On Feb. 28, 1984, the Supreme Court announced its four-part ruling that Grove City College was a recipient of financial aid since its students received federal aid. It also ruled Title IX was program-specific, meaning it applied only to areas that received that aid, in this case, Grove City College’s financial aid office. Furthermore, refusing to submit the compliance form warranted ED’s termination of funds to the student financial aid program.

The court also determined the students’ First Amendment right of association was not violated by forcing the college to comply with the non-discrimination provision of Title IX. Students could take their federal money and attend other institutions that agreed to sign Title IX compliance forms.

Conservatives were quick to use the decision as justification for pulling back what they saw as overbearing federal regulations. When asked if the decision could apply to other civil rights statutes such as protections for people with disabilities and affirmative action, Assistant Attorney General for the Civil Rights Division William Bradford Reynolds said the ruling “certainly points that direction.” In his view, it could actually serve as a stepping stone to undo affirmative action programs that the he called “morally wrong.”

And so, it seemed the Reagan Administration was prepared to use the ruling—which aimed to enforce Title IX—to actually limit the reach of federal anti-discriminatory law aimed to protect the rights of minorities, the disabled, women, and the elderly.

But moderate Republicans joined Democrats to craft legislation that fixed similar wording found in prohibitions against discrimination based on race, age, and disability in the Civil Rights Restoration Act of 1987, known popularly as the Grove City Bill.

Unsurprisingly, Ronald Reagan vetoed the legislation (becoming the first president since Andrew Johnson to veto a piece of civil rights legislation), but Congress overrode his veto by a vote of 73-24 in the Senate, and the House passed it with a vote of 292-133. This legislation was a win for women, those with disabilities, minorities, and victims of age discrimination.

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And yet, conservatives learned a lesson in the aftermath: the importance of bankrolling private educational institutions to teach conservative values to a younger generation outside any purse-string interference with federal aid.

Grove City College had a long commitment to crafting a conservative intellectual elite and campus grassroots activism. When it challenged federal authority in the form of Title IX regulations enforcing gender equity, the college galvanized conservatives and attracted donations. After the case, it eschewed any type of federal funding and relied even more on private donations for institutional scholarships, need-based financial aid, and general upkeep. Students can receive private loans from banks as well.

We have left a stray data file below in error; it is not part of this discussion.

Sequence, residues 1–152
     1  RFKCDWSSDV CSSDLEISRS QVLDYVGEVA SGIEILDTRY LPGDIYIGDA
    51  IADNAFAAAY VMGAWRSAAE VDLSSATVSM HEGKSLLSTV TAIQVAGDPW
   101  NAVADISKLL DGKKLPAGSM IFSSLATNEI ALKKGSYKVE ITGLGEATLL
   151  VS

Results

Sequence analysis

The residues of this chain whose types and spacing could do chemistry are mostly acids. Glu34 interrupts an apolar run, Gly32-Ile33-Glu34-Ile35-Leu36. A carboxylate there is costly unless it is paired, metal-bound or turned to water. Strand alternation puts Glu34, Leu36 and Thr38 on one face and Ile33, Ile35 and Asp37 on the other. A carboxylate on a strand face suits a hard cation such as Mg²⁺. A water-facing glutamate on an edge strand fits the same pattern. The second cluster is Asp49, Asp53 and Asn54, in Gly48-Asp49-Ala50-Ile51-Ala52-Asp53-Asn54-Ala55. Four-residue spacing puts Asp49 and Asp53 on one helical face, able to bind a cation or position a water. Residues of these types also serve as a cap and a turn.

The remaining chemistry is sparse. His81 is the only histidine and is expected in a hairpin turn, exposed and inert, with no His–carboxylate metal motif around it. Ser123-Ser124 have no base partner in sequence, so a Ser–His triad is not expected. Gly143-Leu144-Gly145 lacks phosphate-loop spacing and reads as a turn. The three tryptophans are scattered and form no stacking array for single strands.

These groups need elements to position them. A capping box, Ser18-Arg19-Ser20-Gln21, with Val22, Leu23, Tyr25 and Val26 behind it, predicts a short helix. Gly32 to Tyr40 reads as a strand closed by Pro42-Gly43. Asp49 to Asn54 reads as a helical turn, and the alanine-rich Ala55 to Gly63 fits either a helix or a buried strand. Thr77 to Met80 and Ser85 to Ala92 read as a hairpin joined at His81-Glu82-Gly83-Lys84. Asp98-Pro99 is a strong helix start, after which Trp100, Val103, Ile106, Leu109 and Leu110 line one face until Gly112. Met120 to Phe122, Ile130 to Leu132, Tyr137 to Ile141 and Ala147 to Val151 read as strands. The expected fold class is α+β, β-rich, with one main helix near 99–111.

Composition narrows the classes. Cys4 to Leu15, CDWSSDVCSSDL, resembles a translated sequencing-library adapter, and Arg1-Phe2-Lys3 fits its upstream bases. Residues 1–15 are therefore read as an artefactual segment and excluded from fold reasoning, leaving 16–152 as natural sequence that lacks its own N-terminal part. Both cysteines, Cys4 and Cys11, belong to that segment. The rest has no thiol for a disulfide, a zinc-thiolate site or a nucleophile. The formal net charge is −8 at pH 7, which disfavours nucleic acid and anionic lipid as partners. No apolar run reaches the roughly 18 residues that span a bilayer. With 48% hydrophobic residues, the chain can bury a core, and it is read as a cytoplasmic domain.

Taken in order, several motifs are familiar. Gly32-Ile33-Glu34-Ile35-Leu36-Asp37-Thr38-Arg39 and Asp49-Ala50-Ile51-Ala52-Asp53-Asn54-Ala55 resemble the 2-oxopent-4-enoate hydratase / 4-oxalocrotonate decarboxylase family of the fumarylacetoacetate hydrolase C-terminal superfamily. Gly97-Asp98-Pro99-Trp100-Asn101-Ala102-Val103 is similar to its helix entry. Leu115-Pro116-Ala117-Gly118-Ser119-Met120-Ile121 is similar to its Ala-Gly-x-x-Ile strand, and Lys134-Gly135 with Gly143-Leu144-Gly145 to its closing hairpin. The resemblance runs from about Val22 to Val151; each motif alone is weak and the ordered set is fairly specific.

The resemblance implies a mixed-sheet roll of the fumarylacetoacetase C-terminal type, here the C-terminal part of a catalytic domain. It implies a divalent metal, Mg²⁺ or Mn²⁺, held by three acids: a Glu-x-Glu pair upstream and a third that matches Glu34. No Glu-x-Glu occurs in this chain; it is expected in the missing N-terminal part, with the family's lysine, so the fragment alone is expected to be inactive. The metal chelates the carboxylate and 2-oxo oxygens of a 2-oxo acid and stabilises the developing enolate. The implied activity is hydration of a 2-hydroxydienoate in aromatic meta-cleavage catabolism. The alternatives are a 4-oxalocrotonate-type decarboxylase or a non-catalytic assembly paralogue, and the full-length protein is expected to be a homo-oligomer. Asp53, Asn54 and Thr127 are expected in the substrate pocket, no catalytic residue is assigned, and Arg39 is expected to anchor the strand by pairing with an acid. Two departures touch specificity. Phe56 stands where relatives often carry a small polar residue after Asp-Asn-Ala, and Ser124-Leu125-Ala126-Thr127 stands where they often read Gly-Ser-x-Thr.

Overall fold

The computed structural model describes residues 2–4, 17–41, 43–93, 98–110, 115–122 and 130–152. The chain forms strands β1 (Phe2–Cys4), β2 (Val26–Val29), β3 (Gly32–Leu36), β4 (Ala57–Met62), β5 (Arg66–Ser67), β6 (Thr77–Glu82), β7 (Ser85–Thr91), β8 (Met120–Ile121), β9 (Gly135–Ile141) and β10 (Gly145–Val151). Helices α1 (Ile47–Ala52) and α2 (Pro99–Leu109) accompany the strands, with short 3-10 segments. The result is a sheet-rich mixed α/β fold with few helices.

In the wake of the court case the Grove City College model has multiplied with seminaries and other colleges and universities like Hillsdale College abstaining from federal aid and loans. This ruling thus fueled a new activist approach at these institutions that pushed them beyond federal oversight and gave them a role in the broader conservative ecosystem and culture war. Hillsdale itself has developed its own 1776 curriculum for K-12 students to increase its conservative reach. And consequently, Republican governors like Ron DeSantis, Greg Abbott, and Glenn Youngkin have signed bills to teach “patriotic education,” and establish hotlines to surveil teachers accused of teaching Critical Race Theory.

Four decades ago, conservatives and the Reagan Administration position were in the minority and faced backlash for Grove City College v. Bell (1984). But they used this marginalization to galvanize the political and financial support needed to elevate their cause, and their success offers lessons for educational activists across the political spectrum today as they battle curricular wars in the 21st century.

Devan Lindey is a Limited Term Lecturer at Purdue University and Adjunct Lecturer at IUPUI specializing in political and constitutional history.

Made by History takes readers beyond the headlines with articles written and edited by professional historians. Learn more about Made by History at TIME here. Opinions expressed do not necessarily reflect the views of TIME editors.